Conclusions: MSCT-CA is a useful non-invasive diagnostic tool for ISR in the follow-up of patients who underwent primary PCI for an acute coronary syndrome. The presence of significant non-culprit lesions at the time of the primary PCI could be a predictive factor for ISR. A Ca Score >400 determined at 1-year follow-up is associated with a higher rate of ISR, and could be considered a significant cardiovascular risk factor for this group of patients. Further studies are required in order to elucidate the role of various imaging biomarkers in predicting the development of ISR.

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Positive Remodeling as a Biomarker of Plaque Vulnerability — at the Border Between Invasive and Noninvasive Assessment

REFERENCES 1. World Health Organization, Cardiovascular disease (CVDs), 2016. Available from: http://www.who.int/mediacentre/factsheets/fs317/en/# . 2. Finn AV, Nakano M, Narula J, Kolodgie FD, Virmani R. Concept of vulnerable/unstable plaque. Arteriosclerosis, thrombosis, and vascular biology . 2010;30:1282-1292. 3. Davies MJ, Thomas A. Thrombosis and acute coronary-artery lesions in sudden cardiac ischemic death. N Engl J Med . 1984;310:1137-1140. 4. Davies MJ. Stability and instability: two faces of coronary atherosclerosis: the Paul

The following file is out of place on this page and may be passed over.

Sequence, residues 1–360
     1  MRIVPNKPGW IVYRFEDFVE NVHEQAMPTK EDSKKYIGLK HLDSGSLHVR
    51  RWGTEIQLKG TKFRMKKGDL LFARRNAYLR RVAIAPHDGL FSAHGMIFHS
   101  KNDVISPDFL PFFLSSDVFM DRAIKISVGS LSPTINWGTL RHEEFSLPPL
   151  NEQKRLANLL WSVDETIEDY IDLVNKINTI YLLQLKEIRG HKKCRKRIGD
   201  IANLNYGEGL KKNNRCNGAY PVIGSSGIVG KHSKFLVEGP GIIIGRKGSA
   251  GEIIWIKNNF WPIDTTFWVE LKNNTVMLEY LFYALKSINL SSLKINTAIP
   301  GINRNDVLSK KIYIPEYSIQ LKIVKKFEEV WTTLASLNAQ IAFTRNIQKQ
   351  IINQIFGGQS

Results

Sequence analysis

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Hybrid Imaging in the Assessment of Myocardial Ischemia and Viability

References 1. World Health Organization, Cardiovascular disease (CVDs), 2016. Available from: http://www.who.int/mediacentre/factsheets/fs317/en/# 2. Townsend N, Nichols M, Scarborough P, Rayner M. Cardiovascular disease in Europe — epidemiological update 2015. Eur Heart J . 2015;36:2673-2674. 3. Nichols M, Townsend N, Scarborough P, Rayner M. Cardiovascular disease in Europe 2014: epidemiological update. Eur Heart J . 2014;35:2950-2959. 4. Camici PG, Prasad SK, Rimoldi OE. Stunning, hibernation, and assessment of myocardial viability

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Magnetic Resonance Imaging of Myocardial Function Following Intracoronary and Intramyocardial Stem Cell Injection

REFERENCES 1. European Cardiovascular Disease Statistics 2017. Avaible at: http://www.ehnheart.org/cvd-statistics.html 2. Konstam MA, Kramer DG, Patel AR, et al. Left ventricular remodeling in heart failure current concepts in clinical significance and assessment. J Am Coll Cardiol Img . 2011;4:98-108. 3. Abbate A, Biondi-Zoccai GG, Appleton DL, et al. Survival and cardiac remodeling benefits in patients undergoing late percutaneous coronary intervention of the infarct-related artery: evidence from a meta-analysis of randomized controlled